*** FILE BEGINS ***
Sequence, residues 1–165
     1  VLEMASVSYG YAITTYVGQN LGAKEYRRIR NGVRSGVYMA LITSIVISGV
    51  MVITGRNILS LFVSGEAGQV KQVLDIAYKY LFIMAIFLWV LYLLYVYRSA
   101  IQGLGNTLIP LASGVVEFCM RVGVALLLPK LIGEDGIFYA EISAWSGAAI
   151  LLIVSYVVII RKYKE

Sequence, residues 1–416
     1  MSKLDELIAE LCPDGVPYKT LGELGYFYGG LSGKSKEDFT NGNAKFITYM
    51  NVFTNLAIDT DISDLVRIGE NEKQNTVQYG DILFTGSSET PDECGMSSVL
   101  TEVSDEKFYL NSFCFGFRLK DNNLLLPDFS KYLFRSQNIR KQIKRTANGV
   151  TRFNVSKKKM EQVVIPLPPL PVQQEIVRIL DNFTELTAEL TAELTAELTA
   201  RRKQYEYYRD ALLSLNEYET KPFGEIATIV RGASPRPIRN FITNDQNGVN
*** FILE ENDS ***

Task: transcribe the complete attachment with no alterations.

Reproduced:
Sequence, residues 1–165
     1  VLEMASVSYG YAITTYVGQN LGAKEYRRIR NGVRSGVYMA LITSIVISGV
    51  MVITGRNILS LFVSGEAGQV KQVLDIAYKY LFIMAIFLWV LYLLYVYRSA
   101  IQGLGNTLIP LASGVVEFCM RVGVALLLPK LIGEDGIFYA EISAWSGAAI
   151  LLIVSYVVII RKYKE

Sequence, residues 1–416
     1  MSKLDELIAE LCPDGVPYKT LGELGYFYGG LSGKSKEDFT NGNAKFITYM
    51  NVFTNLAIDT DISDLVRIGE NEKQNTVQYG DILFTGSSET PDECGMSSVL
   101  TEVSDEKFYL NSFCFGFRLK DNNLLLPDFS KYLFRSQNIR KQIKRTANGV
   151  TRFNVSKKKM EQVVIPLPPL PVQQEIVRIL DNFTELTAEL TAELTAELTA
   201  RRKQYEYYRD ALLSLNEYET KPFGEIATIV RGASPRPIRN FITNDQNGVN